I'm currently in the middle of a project analyzing the results of about 3,000 sophomores who completed a survey about their experiences in the second year of college. Because so many colleges are taking a strengths-based approach to at least some programming on campus, I added the question "I know how to apply my strengths to achieve academic success."
One of the things I've noticed informally over the years is that this element -- knowing how to apply one's strengths to academic tasks -- appears to be the "toughest" part of implementing a strengths program. Everyone loves to learn about their talent themes and there is a burst of positive emotions when that happens initially. And lots of people say that it has helped their relationships to understand how other people's talents make them good at what they do, but also can be annoying sometimes. But actually being able to develop those talents into strengths and APPLY those strengths to challenges -- well, that's the tough part.
So now I'm intrigued by this finding with 3,000 sophomores. Those who said they "definitely" knew how to apply their strengths to achieve academic success also were at the top of the scale on other important outcomes: they were more likely to say they would definitly graduate from their institution, they were more engaged in class, they sought out faculty more frequently, they were more involved in campus activities, they were more satisfied with their total college experience, and they were more likely to perceive their tuition dollars as a good life investment.
At first I thought this item was a proxy for academic self-efficacy. Surely this item just means they're confident and know their way around the system academically. But I statistically controlled for academic self-efficacy before running the analyses--and this item still contributes uniquely and significantly to our understanding of sophomore success.
So that's pretty cool. But what does it mean? Since not everyone who answered the survey had participated in a strengths-based program, we really don't know what they were thinking when they answered the question! So that's my next task--to figure out what students mean when they say they know how to apply their strengths academically--and then to ask them how they do that. We need specific examples. We need to understand this phenomenon better. I'm convinced it's at the heart of long-term results for strengths programs.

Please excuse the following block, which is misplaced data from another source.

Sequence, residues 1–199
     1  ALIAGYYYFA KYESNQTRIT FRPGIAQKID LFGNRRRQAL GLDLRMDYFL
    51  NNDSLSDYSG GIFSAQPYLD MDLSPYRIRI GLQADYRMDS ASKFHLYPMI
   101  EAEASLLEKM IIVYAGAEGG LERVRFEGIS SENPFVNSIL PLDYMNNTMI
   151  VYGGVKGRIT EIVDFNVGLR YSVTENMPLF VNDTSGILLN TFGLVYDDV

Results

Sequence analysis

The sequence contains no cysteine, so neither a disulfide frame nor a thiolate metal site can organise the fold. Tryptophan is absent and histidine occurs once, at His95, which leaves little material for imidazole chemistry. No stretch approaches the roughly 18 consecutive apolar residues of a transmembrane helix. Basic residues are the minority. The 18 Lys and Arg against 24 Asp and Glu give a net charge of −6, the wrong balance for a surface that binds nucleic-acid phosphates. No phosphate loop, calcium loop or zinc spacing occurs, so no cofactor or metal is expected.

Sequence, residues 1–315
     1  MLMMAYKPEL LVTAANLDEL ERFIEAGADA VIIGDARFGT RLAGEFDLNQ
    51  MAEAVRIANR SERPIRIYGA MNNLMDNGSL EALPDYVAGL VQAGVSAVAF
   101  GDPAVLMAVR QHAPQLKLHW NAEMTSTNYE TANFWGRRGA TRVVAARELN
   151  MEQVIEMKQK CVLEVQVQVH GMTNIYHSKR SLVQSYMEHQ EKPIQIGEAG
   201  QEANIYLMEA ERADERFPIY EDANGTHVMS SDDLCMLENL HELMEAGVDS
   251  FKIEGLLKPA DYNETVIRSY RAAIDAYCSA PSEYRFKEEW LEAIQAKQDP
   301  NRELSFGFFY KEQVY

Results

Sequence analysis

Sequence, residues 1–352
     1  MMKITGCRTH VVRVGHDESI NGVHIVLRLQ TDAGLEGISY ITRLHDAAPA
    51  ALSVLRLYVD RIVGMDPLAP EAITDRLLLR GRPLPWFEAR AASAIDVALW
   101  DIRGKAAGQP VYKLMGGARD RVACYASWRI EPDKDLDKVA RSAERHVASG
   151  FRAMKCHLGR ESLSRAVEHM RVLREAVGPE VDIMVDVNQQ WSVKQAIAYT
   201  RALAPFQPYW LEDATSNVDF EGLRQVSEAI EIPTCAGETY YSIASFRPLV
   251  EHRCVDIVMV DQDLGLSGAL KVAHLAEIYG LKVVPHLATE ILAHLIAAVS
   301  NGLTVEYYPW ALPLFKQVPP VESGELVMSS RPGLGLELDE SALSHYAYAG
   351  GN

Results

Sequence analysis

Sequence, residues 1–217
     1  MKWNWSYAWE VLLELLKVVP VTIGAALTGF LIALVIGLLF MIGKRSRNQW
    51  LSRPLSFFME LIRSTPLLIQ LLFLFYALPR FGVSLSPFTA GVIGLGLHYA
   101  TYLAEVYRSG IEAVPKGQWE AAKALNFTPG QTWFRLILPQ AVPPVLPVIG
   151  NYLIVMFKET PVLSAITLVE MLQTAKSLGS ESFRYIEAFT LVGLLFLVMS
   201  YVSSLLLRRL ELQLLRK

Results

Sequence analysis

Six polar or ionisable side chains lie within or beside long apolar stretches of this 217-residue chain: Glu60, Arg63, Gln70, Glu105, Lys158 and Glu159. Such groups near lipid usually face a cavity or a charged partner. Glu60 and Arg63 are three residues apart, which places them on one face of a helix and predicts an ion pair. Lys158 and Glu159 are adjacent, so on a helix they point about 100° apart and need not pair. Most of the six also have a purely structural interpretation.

My colleagues at Azusa Pacific University are taking this next step with me. Dr. Sharyn Slavin-Miller will head up a qualitative study of the most and least engaged of our sophomores on campus. She'll follow up with those who returned as juniors, as well as with those who left the institution. She'll ask them lots of questions, but this one will be part of her study: "What do you do to apply your strengths to academic challenges? What does that look like for you?"
Dr. Karen Longman will also be working on a corollary study that will go more in depth with students who have participated in APU's strengths-based first-year seminar, building on the work that Dr. Eileen Hulme and Dr. Paul Kaak have begun. Dr. Anita Henck's focus is on strengths-based staff development programs and complements the work we're doing with student programs.
So stay tuned--I'm intrigued by our initial findings of the difference that it makes when students say they know how to apply their strengths to succeed academically. Now we need to know how they do that--and how we can teach other students to do that, as well!